It is to be wondered how many of the biographers and critics understood him. This guy who "lacked social skills" but somehow during the 60's seemed to have 10-20 friends with him whenever he went out for dinner shows in "Popism" what an extraordinary social magnet AND social observer he was. Sex and drugs and rock n' roll rarely get pushed this far.
"Popism" is surprising conventional in form, however unusual the people it describes. It flows easily. It is among the best publicity of Warhol and his circle. There's a helpful 8 page index of the people mentioned. To name a few: Brigid Polk, International Velvet, John Cale, Ultra Violet, Jackie Curtis, Joe Dallesandro, Candy Darling, Duchess, Baby Jane Holzer, Fred Hughes, Gerard Malanga, Mario Montez, Paul Morrissey, Billy Name, Nico, Ondine, Lou Reed, Edie Sedgwick, Ingrid Superstar, and Viva. You may never have been to The Factory, never seen a Warhol movie, never even seen a Warhol silkscreen, never heard Velvet Underground music, but, if you read "Popism" you'll feel like you know all these people and more.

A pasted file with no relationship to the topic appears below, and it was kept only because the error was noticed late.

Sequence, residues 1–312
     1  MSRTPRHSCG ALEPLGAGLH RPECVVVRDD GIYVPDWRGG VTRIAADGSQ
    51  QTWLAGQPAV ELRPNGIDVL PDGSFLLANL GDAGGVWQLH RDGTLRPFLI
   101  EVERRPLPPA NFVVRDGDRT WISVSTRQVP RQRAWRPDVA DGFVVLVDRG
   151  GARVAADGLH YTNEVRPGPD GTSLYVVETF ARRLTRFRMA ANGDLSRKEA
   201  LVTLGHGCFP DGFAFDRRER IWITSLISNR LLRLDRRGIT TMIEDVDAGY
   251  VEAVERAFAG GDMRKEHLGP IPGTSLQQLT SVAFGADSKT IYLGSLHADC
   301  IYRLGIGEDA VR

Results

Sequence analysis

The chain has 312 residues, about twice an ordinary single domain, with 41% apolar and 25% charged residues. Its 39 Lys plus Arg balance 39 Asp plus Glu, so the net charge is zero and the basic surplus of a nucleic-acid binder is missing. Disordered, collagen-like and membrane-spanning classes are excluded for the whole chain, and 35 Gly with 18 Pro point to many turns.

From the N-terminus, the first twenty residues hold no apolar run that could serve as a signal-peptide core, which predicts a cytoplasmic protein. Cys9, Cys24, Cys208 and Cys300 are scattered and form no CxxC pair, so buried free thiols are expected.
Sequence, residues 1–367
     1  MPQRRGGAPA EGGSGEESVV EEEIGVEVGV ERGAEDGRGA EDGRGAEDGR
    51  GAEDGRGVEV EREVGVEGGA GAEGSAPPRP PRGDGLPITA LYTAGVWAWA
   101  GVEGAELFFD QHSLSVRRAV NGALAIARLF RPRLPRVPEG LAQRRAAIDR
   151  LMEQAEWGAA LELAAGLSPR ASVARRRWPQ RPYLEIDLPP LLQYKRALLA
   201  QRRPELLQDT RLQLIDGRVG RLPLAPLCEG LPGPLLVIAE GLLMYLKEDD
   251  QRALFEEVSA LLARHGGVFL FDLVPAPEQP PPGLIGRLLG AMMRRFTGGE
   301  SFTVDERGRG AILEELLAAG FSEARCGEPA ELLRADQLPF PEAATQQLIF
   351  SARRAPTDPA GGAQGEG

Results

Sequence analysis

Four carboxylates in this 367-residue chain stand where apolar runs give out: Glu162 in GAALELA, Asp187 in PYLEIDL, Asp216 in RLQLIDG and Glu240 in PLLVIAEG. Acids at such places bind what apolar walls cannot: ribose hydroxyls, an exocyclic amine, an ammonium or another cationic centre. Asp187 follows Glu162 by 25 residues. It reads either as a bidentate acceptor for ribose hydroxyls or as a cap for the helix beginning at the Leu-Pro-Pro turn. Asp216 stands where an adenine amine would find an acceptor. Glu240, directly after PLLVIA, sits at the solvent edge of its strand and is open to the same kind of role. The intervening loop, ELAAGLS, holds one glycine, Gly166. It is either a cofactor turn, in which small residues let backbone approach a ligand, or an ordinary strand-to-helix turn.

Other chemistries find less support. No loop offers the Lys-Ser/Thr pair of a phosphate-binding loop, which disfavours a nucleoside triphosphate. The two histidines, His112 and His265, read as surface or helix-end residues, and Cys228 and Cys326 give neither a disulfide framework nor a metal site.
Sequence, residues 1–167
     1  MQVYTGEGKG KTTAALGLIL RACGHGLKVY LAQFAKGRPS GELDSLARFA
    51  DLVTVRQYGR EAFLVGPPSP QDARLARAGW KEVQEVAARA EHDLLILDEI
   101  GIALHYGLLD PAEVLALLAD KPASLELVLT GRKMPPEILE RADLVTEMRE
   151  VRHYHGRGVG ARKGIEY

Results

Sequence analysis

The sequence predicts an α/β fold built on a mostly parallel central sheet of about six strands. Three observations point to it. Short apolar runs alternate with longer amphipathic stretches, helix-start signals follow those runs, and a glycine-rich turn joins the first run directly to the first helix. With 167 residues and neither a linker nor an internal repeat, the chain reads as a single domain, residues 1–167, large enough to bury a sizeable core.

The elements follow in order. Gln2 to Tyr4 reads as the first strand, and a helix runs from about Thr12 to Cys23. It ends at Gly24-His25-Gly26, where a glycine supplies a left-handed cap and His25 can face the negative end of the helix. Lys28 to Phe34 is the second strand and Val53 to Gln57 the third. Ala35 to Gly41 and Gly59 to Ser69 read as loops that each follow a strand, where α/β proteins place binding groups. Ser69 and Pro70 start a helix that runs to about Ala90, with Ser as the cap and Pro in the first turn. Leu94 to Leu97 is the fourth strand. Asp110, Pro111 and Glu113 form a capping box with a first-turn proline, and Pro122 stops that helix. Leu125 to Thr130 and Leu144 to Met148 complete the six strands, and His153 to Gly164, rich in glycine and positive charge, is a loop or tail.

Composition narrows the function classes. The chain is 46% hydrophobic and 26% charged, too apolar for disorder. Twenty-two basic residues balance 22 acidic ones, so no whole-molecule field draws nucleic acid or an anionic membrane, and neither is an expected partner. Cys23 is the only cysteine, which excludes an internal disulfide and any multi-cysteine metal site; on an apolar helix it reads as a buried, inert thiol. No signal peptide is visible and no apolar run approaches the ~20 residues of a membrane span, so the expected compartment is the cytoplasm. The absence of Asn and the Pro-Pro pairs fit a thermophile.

Warhol's description of being shot and his recovery is especially fascinating. How was he able to be so objective? Andy and Pat are among the best storytellers.
After reading this book, treat yourself to watching "I Shot Andy Warhol" for another good presentation of what this scene may have been like.
1 of 1 people found the following review helpful
4.0 out of 5 stars the interface between artistic and celebrity culture in the 1960's,
This is an account of Andy Warhol's decade through the 1960's, from his rise from relative obscurity to his attempted murder by a delusional bit-part player.
Although at times Warhol's name-dropping is a little nebulous and irrelevant to the point of confusion, it provides an insight into the artistic (art-cinema and music, as well as painting) crowd he moved in, and indeed a skewed portrayal of artistic society in the 1960's.